Ted Leo & The Pharmacists – Hearts of Oak

Ted Leo

Ted Leo may be one of the best accidental secrets to hit the rock scene in the past decade or so. While he has successfully evaded much mainstream attention (with the possible exception of single “Me and Mia”), Leo continues to pump out album after album of great, catchy, pop-driven rock sing-alongs. Having dabbled in dub reggae, alternative rock, folk, and other genres, Leo has mastered the art of constructing well-written melodies into undeniable anthems.

This is largely evident on Hearts of Oak, the band’s third proper album (although their first release [tej leo(?), Rx / pharmacists] was largely a solo effort). Here, we get to see Leo’s potential as a songwriter and a one-man music machine, proving the power of a singer’s voice paired with a jangly guitar. With one listen to “Where Have All The Rude Boys Gone?”, you’ll be hard-pressed not to get your toes tapping. Go ahead, try it out.

“Where Have All The Rude Boys Gone?” by Ted Leo & The Pharmacists

With a constantly-growing number of fans, it’ll be a miracle if they’re not playing to massive crowds in a couple of years. Until then, Ted Leo and crew will keep rocking the basements and smaller club shows for those lucky enough to experience it.


If you’re interested, I’d recommend checking them out on tour in the coming months (dates posted below), and don’t forget to keep an eye out for the new album, The Brutalist Bricks, due out March 9th.

3/11/2010 Cleveland OH Grog Shop
3/12/2010 Pontiac MI The Crofoot
3/13/2010 Chicago IL Bottom Lounge
3/14/2010 Madison WI High Noon Saloon
3/15/2010 Minneapolis MN First Avenue
3/19/2010 Seattle WA Neumo’s
3/20/2010 Portland OR Doug Fir Lounge (21+)
3/21/2010 Portland OR Doug Fir Lounge (all ages matinee)
3/23/2010 San Francisco CA Great American Music Hall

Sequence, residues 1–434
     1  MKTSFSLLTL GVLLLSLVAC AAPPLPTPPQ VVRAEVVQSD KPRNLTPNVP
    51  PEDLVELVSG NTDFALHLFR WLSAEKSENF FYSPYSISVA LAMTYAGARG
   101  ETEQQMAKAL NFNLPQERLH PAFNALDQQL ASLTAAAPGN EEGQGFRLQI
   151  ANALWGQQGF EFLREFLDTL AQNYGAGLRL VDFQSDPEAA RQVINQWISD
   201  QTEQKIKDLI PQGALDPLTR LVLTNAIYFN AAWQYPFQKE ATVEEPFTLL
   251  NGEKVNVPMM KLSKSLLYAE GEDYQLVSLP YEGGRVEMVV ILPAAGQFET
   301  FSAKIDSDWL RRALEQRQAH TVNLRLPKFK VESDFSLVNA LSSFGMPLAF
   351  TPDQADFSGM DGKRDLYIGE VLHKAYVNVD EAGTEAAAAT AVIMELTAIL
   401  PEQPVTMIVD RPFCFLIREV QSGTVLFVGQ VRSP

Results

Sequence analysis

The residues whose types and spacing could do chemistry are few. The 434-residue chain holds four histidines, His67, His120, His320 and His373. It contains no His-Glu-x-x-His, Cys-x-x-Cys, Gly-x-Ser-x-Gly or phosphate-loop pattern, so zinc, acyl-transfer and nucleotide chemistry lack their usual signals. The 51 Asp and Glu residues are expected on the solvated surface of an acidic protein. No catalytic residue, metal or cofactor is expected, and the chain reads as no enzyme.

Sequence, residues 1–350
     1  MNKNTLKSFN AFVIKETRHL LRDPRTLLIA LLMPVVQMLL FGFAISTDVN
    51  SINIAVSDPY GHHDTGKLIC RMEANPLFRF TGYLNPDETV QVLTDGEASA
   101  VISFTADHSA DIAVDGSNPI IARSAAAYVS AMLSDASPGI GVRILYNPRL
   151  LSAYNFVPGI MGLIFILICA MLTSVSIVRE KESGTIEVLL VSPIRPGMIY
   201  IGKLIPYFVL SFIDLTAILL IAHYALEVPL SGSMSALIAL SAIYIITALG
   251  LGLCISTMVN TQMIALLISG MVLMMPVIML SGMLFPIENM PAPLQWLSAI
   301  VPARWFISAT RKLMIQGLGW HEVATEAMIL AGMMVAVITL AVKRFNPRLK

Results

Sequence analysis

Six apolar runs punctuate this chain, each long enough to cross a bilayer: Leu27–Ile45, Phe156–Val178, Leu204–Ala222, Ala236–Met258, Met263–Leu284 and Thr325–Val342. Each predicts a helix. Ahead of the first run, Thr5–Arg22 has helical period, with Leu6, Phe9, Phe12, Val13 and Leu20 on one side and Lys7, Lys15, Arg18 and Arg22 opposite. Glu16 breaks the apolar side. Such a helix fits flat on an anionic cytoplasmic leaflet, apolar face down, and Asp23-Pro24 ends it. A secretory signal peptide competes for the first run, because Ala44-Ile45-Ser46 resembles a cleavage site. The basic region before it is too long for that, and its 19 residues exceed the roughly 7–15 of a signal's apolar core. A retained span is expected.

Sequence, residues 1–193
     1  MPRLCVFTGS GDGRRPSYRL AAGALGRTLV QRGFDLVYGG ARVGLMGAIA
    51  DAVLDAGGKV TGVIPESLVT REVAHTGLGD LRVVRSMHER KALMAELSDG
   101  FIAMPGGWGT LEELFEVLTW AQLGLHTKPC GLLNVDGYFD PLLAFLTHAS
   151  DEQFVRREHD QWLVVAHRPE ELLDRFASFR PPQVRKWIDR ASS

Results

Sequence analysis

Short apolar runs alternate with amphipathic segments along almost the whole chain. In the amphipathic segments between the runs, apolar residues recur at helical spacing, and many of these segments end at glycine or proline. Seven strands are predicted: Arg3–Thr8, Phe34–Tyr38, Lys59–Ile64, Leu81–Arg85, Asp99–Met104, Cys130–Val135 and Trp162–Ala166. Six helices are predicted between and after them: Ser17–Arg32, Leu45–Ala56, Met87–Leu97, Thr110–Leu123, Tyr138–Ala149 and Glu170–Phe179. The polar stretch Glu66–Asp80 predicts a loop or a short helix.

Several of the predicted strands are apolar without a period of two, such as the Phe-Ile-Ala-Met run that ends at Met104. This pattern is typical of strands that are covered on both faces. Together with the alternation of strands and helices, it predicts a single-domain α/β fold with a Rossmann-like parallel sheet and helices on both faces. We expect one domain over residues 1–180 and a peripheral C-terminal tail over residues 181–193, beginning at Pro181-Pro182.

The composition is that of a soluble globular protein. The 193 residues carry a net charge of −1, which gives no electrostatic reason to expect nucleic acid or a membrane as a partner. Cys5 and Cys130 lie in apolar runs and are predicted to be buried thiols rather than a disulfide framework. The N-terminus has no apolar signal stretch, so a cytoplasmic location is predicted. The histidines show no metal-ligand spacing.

3/27/2010 Los Angeles CA Troubadour
4/4/2010 Atlanta GA The Masquerade
4/5/2010 Carrboro NC Cat’s Cradle
4/7/2010 Philadelphia PA First Unitarian Church
4/8/2010 Washington DC 930 Club
4/9/2010 New York NY Irving Plaza
4/10/2010 Boston MA Paradise


Jeff Buckley – “Live at Sin-é”

Jeff Buckley. I honestly have no idea where to start – there’s so much you could say about his music, but it would be like describing food: you can tell someone in great detail how something tastes, but it doesn’t come close to capturing the experience of eating a perfectly seared filet mignon. Jeff Buckley is that filet mignon.

This is a genius who died young. He only released one studio album before his untimely death in 1997, at the age of 30 (he drowned while going for a swim in the Wolf River in Memphis, TN). Beyond a shadow of a doubt, 1994’s “Grace” is my pick for best album of that decade; it’s absolutely flawless. His distinct and incredible vocals soar on each track, his guitar work and composition is insanely original yet familiar, and he manages to go everywhere from a 1504 Middle English hymn to crushing grunge. His recording of Leonard Cohen’s “Hallelujah” is one of the most iconic and emotional recordings of all time; you’ve heard it before, trust me. All in all, “Grace” is a perfect studio album in every single way.

This is not that album. I’ll write about that album some other time, but this is Jeff Buckley, the man, captured on two discs.